These New CEOs Are Doing Their Jobs Right

AnnaLisa is a member of The Motley Fool Blog Network -- entries represent the personal opinion of the blogger and are not formally edited.

It has been a great couple of years for new CEOs at Campbell Soup (NYSE: CPB), Yahoo! (NASDAQ: YHOO), and Gannett (NYSE: GCI). Denise Morrison, Marissa Mayer, and Gracia Martore, respectively, have seen their companies' share prices appreciate.

Denise Morrison has helped Campbell's share price move 38% this last year. Marissa Mayer has overseen the turnaround of fairly moribund Yahoo!, moving the stock up 73%, and Gannett's Gracia Mattore may be the biggest miracle worker of all with Gannett's stock up 81%, making money in newspapers in a digital age.

Is it something about these three women or is it their companies? These companies were all challenged. Campbell was seen as primarily a soup company and its products as old-fashioned. Yahoo! had five CEOs in as many years. Gannett owned newspapers, of all things, yet the company has expanded with digital and broadcasting divisions.

Still mmm, mmm good?

Campbell Soup's brands were more ho-hum than mmm, mmm good, but since Morrison came on board, the V-8 brand was livened up with Frusion and Smoothie drinks rapidly gaining share and grocery shelf space, and further expanding into the energy drink space by adding green tea to V-8 Fusion.

Every six months, the YouGov BrandIndex creates a composite score of thousands of brands that have the most positive buzz. V-8 was the number one food and beverage brand out of 100, the second year in a row.

The company acquired Bolthouse Farms brand of fresh cut veggies and juices, gaining an entry into the Packaged Fresh category of shelf space. This added to its debt load (total debt is now over $4 billion to total cash of $457 million) but was a needed initiative.

On two separate analysts' days, Morrison laid out a master plan: attracting millennials with soups to go, more ethnic soups and dinner sauces, more gourmet flavors in the Pepperidge Farms snacks suited for an adult sweet tooth. Also, the slow cooker phenomenon (80% of U.S. households have one) hasn't slipped by Morrison with another product line for Campbell's sauces.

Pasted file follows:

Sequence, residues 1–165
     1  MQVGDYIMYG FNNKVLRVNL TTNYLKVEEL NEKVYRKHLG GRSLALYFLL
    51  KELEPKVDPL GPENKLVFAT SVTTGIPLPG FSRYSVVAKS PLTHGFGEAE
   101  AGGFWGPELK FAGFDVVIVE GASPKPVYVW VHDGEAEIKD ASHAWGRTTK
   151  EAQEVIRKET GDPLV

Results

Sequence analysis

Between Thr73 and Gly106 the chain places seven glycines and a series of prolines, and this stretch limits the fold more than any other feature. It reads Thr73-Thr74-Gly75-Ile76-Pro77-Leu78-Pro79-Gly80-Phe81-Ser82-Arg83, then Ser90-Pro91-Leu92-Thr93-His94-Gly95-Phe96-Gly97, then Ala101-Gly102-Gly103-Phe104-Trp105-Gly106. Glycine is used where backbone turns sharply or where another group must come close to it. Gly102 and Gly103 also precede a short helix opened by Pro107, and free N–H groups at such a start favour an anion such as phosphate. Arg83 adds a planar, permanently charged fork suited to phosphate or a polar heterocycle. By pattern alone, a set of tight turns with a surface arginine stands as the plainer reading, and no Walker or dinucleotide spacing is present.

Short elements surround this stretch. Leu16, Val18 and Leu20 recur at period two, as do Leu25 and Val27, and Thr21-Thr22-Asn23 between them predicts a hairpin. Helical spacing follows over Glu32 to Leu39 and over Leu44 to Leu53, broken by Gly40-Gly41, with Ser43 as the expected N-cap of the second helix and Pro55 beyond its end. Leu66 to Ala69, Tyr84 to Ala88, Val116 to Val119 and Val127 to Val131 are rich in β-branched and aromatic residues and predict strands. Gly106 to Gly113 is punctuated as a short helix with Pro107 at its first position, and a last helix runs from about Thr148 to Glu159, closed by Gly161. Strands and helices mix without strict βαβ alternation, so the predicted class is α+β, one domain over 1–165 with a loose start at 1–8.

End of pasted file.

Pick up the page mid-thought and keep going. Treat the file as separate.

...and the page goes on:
Global and social media were two important areas Morrison said the company will address. You may think the red and white soup can immortalized by Andy Warhol couldn't be more American, but Campbell Soup is going global in a big way with a presence in 120 countries. The International division offers 20 brands of soups, sauces, and snacks moving in on rival Mondelez's territory.

Campbell Soup is trading at a trailing P/E of 19.56 with a forward P/E of 16.59, but the PEG is getting stretched at 2.88. Analysts give the name only single digit five year growth estimates of 6.08%. However, this company has a strong insider hold at 43% with Morrison herself owning 447,943 shares as of November. The stock has a 2.60% yield at a 49% payout ratio.

The new Steve Jobs?

Marissa Mayer's first anniversary as Yahoo! CEO is coming up and some are calling her the new Steve Jobs. Those are some pretty big shoes to fill. Mayer has already made her mark, however, going on a shopping spree to monetize Yahoo! Since last July, she's bought Summly, Tumblr, gaming company PlayerScale, and video chat team On the Air, and Flickr, the photo sharing service that competes with Facebook's Instagram.